Generally speaking, tomatoes, potatoes, eggplants, and a bunch of other plants related to nightshade produce toxic alkaloids together with nicotine. Meanwhile, while solanine is present in significant quantities in potatoes, it isn’t the case with tomatoes. Tomatoes have more of tomatine, which is also a toxin. However, it isn’t as potent a toxin as solanine. As mentioned earlier, the concentration of solanine in the fruit also reduces drastically as the fruit ripens.

The Green Parts

That said, it’s also important that you do not allow your cat to eat the green parts of the tomato plant. These parts have heavy concentrations of tomatine and some solanine. When a cat ingests these toxins, it can experience some terrible symptoms:

  • Excess production of saliva
  • Weakness
  • Confusion
  • Gastrointestinal upset
  • Diarrhoea

You probably won’t have to worry about your adult cat eating the green parts of the tomato plant. Cats are extremely choosy with their food. The taste of the green parts isn’t even remotely close to something a cat might find pleasing. Kittens, on the other hand, are extremely curious. If you aren’t careful about them, you’ll have a serious case of “curiosity killed the kitten”. If your kitten or young cat is used to staying indoors, you should be watchful when you let it out so that its inquisitiveness doesn’t lead it to eating tomato plants and other even more dangerous plants.

The Case of the Allergy

Ripe tomatoes are safe, we’ve already established that. However, your cat might still harbor an allergy to the fruit. Try to watch out for symptoms like diarrhoea, irritability, nausea, and loss of balance when your cat eats ripe tomatoes or foods where ripe tomatoes are part of the ingredients. If these symptoms manifest themselves, then your cat probably has an allergy.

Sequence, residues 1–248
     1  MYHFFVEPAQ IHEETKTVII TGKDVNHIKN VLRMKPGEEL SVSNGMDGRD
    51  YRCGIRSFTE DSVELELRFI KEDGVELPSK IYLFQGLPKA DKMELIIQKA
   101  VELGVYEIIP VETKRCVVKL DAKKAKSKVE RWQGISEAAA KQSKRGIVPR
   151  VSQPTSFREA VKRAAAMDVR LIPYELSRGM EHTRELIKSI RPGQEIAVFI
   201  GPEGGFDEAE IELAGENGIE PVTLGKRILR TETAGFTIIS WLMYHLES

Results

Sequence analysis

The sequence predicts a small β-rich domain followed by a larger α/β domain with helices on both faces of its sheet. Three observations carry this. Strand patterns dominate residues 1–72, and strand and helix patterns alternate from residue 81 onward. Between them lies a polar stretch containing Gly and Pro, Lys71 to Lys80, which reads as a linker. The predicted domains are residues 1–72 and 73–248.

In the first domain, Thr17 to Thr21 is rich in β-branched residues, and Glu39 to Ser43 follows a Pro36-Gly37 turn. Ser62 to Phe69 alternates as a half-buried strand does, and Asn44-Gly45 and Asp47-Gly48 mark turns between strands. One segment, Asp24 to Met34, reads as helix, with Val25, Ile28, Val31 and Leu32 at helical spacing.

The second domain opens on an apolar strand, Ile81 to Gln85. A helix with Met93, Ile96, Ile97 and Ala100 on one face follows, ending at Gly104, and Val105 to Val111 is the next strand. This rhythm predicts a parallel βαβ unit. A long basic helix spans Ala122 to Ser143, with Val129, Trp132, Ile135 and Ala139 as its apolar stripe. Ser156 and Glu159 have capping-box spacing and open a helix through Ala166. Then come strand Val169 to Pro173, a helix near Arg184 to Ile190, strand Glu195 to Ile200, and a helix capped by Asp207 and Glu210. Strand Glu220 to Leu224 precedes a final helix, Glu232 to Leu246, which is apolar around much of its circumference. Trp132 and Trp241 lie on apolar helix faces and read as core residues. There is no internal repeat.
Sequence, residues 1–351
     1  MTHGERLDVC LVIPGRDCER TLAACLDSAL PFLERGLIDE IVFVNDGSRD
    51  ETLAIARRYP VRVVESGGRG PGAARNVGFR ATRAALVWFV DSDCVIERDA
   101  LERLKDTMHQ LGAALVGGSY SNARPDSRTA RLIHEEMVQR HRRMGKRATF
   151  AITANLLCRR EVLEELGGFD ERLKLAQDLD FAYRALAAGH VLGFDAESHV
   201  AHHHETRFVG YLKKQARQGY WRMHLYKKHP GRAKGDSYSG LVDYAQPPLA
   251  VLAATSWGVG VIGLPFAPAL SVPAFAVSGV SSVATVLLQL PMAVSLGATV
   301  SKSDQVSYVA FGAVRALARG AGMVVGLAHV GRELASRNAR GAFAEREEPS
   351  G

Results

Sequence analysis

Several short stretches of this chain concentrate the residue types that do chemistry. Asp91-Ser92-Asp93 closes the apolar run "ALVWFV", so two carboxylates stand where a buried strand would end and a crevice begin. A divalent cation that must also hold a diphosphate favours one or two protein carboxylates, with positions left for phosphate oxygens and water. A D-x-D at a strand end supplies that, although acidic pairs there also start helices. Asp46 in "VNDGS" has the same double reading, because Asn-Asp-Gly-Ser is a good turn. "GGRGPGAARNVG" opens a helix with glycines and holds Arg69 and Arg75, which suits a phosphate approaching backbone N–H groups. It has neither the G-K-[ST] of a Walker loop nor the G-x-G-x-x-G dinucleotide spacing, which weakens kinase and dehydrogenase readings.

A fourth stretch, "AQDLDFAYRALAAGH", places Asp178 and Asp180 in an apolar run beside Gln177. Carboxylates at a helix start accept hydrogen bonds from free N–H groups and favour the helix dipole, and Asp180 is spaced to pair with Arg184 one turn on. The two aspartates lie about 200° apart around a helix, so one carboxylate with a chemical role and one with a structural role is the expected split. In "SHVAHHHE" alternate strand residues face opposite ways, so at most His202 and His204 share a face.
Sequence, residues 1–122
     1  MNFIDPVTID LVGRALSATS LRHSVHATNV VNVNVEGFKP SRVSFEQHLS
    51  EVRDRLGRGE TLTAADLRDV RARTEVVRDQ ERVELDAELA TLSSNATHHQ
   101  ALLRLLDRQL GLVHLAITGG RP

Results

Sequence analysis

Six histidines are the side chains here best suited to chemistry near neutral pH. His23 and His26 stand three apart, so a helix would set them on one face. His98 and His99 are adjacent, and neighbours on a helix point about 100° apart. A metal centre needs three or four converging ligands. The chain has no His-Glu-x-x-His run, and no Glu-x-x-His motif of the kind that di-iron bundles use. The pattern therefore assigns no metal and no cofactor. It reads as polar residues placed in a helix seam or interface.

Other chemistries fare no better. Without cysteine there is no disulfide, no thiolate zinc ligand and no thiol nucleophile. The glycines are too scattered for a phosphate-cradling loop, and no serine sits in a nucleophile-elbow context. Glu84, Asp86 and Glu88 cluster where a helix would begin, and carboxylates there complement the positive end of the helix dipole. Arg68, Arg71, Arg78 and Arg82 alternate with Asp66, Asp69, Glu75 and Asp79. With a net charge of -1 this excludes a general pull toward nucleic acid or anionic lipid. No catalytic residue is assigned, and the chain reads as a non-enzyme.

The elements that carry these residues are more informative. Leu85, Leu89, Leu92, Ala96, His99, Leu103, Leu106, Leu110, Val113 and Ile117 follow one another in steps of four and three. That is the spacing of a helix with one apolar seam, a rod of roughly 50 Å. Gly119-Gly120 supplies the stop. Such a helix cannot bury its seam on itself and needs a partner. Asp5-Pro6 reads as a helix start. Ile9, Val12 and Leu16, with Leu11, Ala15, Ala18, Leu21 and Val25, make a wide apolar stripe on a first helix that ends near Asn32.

Are Tomatoes Good?

We know tomatoes aren’t bad for cats, but does that mean they’re good? Tomatoes have plenty of fibre and water, which help in digestion. These can clean up the cat’s colon and prevent domestication.

As far as the carbohydrates in tomatoes are concerned, cats don’t really benefit. A cat’s intestines are designed to get protein from different sources, like meat. Cats don’t have the requisite resources to digest carbohydrates. For one, they lack the enzyme amylase that digests carbohydrates. Humans have this enzyme in their saliva and so can digest carbohydrates just fine. So while your cat might enjoy tomatoes, they won’t really do anything for it. You’ll still have to give it real food.

Any change in this diet, whether it involves tomatoes or otherwise, might have an adverse effect on your cat, so you shouldn’t switch things up drastically. Tomatoes, on the other hand, should be offered to your cat as no more than a regular snack.

When it comes to tomato greens, you might be thinking everything is okay if you cook them. As it turns out, the alkaloids contained in them aren’t flushed out by cooking. The enzymes that produce them will be killed, sure, but the alkaloids themselves will remain. Your cat could still be poisoned by these alkaloids.

Conclusion...

Can cats eat tomatoes? Yes they can if the tomatoes are ripe. Should they eat tomatoes? Not as their main diet, and definitely not if they’re allergic to the fruit. Be sure to give your cat only what’s good for him or her and the two of you will have many happy years together.

Rebecca Welters
 

Yes, I am that weird cat lady with 200 cats and live in the darkest corner of the city where no one dares to go! Joking! But I am a cat lover and have 2 Ragdoll cats called Toby, he's 3 years old and Dory, she's 8 years old. I'm 36 years old and live in the quiet town of Washington. PawsomeKitty.com does not intend to provide veterinary advice. We go to great lengths to help users better understand their cats; however, the content on this blog is not a substitute for veterinary guidance. Always consult a vet.